- Lenoir County Public Schools
Steady climb takes graduation rate to new high
The four-year graduation rate for Lenoir County Public Schools climbed to a new high with the Class of 2020, continuing its steady rise over the past five years and improving more rapidly that the state average over the last decade and a half.
At 85.4 percent, the 2019-2020 graduation rate is about three-quarters of a percentage point better than the previous year (84.7) and six points better than five years ago (79.4), according to data accumulated by the N.C. Department of Public Instruction.
Since 2006, the earliest year included in NCDPI data released last week, the combined graduation rate for LCPS’s five high schools has climbed by 29.9 points, while the state average has improved by 19.3 points. The four-year cohort graduation rate for the state in 2020 was 87.6 percent.
“We are very pleased to be recognized as one of the school districts in North Carolina posting gains in our four-year cohort graduation rate over the last five years,” Superintendent Brent Williams said. “The numbers represent progress toward achieving one of our essential strategic goals as a district and as individual schools.
“I celebrate our teachers, school counselors, other staff members, students and parents who have been united in working to make these goals a reality. I want to thank all of our stakeholders for their hard work in contributing to these positive steps forward for our district and for the young people that we serve.”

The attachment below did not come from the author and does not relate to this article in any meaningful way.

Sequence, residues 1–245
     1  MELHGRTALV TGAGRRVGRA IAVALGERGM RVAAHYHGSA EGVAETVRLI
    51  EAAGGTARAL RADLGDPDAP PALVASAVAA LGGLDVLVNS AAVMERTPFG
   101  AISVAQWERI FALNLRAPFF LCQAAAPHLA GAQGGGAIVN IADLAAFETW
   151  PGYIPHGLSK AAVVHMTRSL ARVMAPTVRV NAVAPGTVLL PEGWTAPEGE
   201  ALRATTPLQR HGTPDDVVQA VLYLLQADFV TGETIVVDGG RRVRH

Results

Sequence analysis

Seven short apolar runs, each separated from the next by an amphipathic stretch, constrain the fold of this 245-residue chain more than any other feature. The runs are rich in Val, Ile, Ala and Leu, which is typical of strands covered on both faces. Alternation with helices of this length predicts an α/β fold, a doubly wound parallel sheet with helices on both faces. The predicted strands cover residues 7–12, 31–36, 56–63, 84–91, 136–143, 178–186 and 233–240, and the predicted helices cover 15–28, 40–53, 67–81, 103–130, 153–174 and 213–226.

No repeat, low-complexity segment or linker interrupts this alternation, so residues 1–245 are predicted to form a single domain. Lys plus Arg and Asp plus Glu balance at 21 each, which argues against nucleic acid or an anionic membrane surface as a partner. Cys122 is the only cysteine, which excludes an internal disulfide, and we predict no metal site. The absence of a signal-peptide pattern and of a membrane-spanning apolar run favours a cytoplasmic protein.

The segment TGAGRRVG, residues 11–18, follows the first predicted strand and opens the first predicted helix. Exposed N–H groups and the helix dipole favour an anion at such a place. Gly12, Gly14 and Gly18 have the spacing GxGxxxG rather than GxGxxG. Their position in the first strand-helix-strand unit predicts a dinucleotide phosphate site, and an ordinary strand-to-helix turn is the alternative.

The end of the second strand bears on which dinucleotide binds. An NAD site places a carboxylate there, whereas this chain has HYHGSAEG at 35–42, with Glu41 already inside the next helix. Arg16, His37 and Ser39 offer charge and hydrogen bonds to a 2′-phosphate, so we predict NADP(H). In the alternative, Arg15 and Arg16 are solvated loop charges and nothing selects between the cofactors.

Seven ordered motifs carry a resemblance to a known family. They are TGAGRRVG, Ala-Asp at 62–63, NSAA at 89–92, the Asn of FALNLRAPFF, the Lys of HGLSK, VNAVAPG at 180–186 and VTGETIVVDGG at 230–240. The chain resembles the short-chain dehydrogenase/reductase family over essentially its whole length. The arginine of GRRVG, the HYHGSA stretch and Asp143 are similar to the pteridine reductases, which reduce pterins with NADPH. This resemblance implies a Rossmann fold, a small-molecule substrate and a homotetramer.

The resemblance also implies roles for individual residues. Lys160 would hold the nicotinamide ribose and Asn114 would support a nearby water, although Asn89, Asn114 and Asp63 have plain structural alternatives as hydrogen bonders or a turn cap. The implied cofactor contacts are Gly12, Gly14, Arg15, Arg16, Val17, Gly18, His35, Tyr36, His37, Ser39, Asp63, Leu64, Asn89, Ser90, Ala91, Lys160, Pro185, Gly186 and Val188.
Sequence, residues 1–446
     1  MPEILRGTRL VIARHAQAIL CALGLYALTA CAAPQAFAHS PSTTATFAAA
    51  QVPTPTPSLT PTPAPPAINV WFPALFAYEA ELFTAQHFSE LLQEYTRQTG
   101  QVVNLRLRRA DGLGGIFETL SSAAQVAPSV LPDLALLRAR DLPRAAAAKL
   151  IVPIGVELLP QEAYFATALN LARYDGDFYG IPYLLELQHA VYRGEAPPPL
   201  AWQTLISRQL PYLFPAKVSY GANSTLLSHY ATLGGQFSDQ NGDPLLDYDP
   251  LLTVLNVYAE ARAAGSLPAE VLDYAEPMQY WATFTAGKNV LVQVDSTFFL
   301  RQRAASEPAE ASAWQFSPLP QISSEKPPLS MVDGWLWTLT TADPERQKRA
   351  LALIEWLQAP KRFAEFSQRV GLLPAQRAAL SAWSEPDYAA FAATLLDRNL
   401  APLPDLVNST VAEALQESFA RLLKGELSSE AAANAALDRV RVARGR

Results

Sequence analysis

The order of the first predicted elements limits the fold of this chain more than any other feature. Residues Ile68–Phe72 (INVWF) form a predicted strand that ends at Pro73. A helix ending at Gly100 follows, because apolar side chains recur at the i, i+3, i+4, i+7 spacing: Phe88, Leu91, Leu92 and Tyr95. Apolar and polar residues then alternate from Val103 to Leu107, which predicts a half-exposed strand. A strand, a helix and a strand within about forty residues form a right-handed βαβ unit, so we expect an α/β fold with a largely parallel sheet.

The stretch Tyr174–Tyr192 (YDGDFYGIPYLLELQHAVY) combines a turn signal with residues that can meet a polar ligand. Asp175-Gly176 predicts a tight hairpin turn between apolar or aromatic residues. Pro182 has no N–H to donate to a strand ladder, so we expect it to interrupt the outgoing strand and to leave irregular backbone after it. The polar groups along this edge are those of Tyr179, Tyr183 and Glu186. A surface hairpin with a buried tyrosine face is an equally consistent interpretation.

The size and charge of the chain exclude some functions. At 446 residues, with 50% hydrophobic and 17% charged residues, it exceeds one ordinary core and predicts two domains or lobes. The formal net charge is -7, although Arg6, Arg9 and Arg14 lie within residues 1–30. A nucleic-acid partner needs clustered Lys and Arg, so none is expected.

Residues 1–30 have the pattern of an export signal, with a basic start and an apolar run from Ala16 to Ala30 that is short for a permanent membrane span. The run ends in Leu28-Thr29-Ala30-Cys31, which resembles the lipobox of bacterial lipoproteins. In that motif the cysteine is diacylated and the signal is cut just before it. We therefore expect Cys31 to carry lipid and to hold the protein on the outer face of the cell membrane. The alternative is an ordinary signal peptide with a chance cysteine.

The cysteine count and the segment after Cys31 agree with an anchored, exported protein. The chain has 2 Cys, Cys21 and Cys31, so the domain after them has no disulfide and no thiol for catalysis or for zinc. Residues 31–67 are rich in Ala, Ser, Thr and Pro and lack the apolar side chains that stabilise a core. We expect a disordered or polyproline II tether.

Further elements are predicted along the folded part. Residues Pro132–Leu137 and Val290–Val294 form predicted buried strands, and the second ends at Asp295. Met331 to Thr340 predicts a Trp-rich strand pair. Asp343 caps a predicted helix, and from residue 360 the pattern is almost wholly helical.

All subgroups detailed in the NCDPI data shared in LCPS’s 2020 increase and in many cases paced the improvement.
Both Blacks and Hispanics graduated at a rate about 3 percentage points higher than the year before. A seven-point gap between white and Black students in 2019 narrowed to nothing in 2020, with nearly identical percentages of the two groups graduating – 84.6 percent for Blacks and 84.4 for whites.
Of the 70 seniors in the four-year cohort classified as Hispanic, 88.6 percent graduated. Ninety percent of students classified as English Learners, or those for whom English is a second language in the home, graduated in 2020 compared to 80 percent the previous year.
“Over the past several years, Lenoir County has placed a laser like focus on the graduation rate. Students who are at risk for dropping out are provided multiple opportunities to discuss how they are able to complete high school and then work with staff at the school and district level to formulate a plan for completion,” Amy Jones, director of high school education for LCPS, said. “While there is still room for growth and improvement, we are very pleased with this increase and plan to work towards a continuous increase of the LCPS graduation rate.”
Like most of the final semester for the Class of 2020, grading and testing took a turn toward the unusual due to the coronavirus pandemic. Under guidance from the State Board of Education, seniors earned credit if they were passing classes in March, when in-school instruction was suspended. The board also cancelled state-required high school exams.
Among the district’s traditional high schools, Kinston High posted the largest year-over-year gain, going from an 82 percent graduation rate in 2019 to 85.8 in 2020. Lenoir County Early College High School continued to lead the district, with 100 percent of its Class of 2020 completing high school graduation requirements in four years – one of the metrics that earned the school another listing in U.S. News & World Report’s Best High Schools in America.
Seniors who earned diplomas from Kinston High School in June pushed KHS to a record four-year graduation rate and helped Lenoir County Public Schools continue its steady climb to a new high for the district of 85.4 percent.